As erie as these subterranean trips were, so were those up inside the walls and attic of a large theatre, where in the movie palaces there were many such odd spaces created with sometimes just wooden ladders to reach the thousands of colored light bulbs hidden in the wall coves and ceiling domes and behind grilles and niches. The architects weren't too concerned about bulb replacements since they would never have to do that, so they just drew on the drawings skimpy suggestions about access to such areas, often with just the word "catwalk" to designate a rickety wooden ladder by some contractor that some hapless maintenance man would have to negotiate every few months, given that tungsten light bulbs rarely lasted more than 700 hours burn life back then. In a few of the larger theatres, such as the former WARNER in Milwaukee, there were actually poured concrete catwalks in the auditorium attic, but I recall one stretch there where the concrete had cracked into dozens of pieces and we all gingerly stepped around that stretch while hanging onto the rusty steel strap 'railings' along the sides for some security! Climbing up or down rusty, simple flat steel ladders to get to other points was always a dicey game as we hoped that their simple rebars welded together would hold our weight after so many years; you can imagine how we felt when on antique wooden ladders like this where every creak and goan could mean the old, dried-out wood was going to give way.

No, there weren't always bats (but often pigeons found their way through holes in the roof!), but it was still an adventure, especially when we hadn't found the light switch to the attic lights and had there crawled up three stories on a steel open-back flat ladder till reaching the catwalks in the attic using only a flashlight as sole unreliable means of knowing where in the three story high attic we were going --also knowing that one misstep could mean our going off the catwalk and plunging through the metal lath and plaster of the auditorium ceiling and falling to our death some four stories below (as happened to a guy at the SOUTHTOWN in Chicago)! If the lawyers for the owner had known of our little forays in such areas, they would have raised a holy ruckus over the insurance risk we posed to them in theory. There weren't always bats, but there were plenty of other risks in the many 'caves' of a vast theatre!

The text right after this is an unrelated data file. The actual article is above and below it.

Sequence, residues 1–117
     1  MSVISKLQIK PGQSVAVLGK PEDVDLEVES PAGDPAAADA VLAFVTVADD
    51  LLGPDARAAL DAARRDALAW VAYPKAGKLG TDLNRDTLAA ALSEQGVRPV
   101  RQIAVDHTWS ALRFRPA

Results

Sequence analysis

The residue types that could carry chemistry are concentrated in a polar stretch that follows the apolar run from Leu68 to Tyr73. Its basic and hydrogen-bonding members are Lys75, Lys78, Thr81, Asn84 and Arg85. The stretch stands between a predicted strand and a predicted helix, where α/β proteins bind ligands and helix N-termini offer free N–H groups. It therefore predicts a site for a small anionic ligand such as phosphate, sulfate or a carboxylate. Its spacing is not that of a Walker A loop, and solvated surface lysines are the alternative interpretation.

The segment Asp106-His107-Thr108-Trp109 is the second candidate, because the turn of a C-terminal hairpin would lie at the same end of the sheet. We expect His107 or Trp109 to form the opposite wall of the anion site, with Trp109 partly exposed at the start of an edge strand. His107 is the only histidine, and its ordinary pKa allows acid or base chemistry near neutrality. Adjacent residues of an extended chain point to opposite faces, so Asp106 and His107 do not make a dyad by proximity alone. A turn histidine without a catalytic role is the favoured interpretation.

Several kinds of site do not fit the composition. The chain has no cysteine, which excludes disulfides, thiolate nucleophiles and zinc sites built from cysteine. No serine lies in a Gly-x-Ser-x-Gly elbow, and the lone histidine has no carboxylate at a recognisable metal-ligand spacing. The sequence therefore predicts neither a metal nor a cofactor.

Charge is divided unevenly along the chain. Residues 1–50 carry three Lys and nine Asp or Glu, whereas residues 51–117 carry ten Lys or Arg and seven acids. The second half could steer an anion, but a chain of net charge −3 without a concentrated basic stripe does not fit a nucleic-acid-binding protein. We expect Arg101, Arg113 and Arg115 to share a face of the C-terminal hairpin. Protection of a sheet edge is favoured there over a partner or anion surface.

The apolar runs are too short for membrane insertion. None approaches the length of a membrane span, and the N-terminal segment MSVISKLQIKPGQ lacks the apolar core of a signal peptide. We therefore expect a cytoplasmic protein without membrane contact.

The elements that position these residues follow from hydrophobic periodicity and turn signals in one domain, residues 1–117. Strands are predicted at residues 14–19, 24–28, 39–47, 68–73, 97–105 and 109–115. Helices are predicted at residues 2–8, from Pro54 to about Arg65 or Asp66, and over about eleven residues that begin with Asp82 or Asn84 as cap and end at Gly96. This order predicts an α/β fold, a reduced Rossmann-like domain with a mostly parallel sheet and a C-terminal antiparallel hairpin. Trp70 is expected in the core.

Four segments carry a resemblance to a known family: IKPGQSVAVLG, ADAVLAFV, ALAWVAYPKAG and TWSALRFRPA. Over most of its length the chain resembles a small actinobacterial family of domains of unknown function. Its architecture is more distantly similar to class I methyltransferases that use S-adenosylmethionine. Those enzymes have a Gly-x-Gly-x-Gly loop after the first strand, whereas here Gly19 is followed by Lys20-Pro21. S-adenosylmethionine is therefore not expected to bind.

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Jeff Arellano
Senior Member

Posts: 685
From: Monterey Park, CA
Registered: Jun 2003


 - posted August 15, 2005 04:55 PM      Profile for Jeff Arellano   Email Jeff Arellano         Edit/Delete Post 
AMC Media 8 in burbank has in projection room 2 a hatch in the floor that takes you to a room that is used maily for storage. This goes under the auditoriums here, and out under the hallway.

AMC Covina 30 really had no hidden rooms, but does have a hidden patio in the back of the theatre, complete with benches and poster cases, no one ever went back there, and the only way you can get there was through a couple of the theatres.

Other theatres I worked at really had nothing interesting at all.

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Amanda Jones
New Member

Posts: 14
From: Indianapolis, IN
Registered: Aug 2005


 - posted August 19, 2005 11:34 PM      Profile for Amanda Jones   Email Amanda Jones         Edit/Delete Post 
The theater I currently work for has a cave so to speak. We have live walls in our lobby (big preview screens) They are right over our concession stand. Well behind the screens is a big room where the projector for the screens is located. No one knows that it exisits except for management. It is a pretty decent sized room but it is all dusty and dirty. If it wasn't so hard to access (you have to climb a ladder located upstairs to reach this room) then it would make a good hide out for management when we take a break and don't want to be bothered.

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Bob Allen
Member

Posts: 79
From: Toledo, OR
Registered: May 2003


 - posted September 28, 2005 10:38 AM      Profile for Bob Allen   Email Bob Allen         Edit/Delete Post 
I worked an "all day" theatre in Sacramento back in the 60s that was literally a "bat cave". I don't remember the name of the place. It had bats in the attic and I had to wear coveralls in the booth to save my street clothes because I smelled like bat guano when I got home.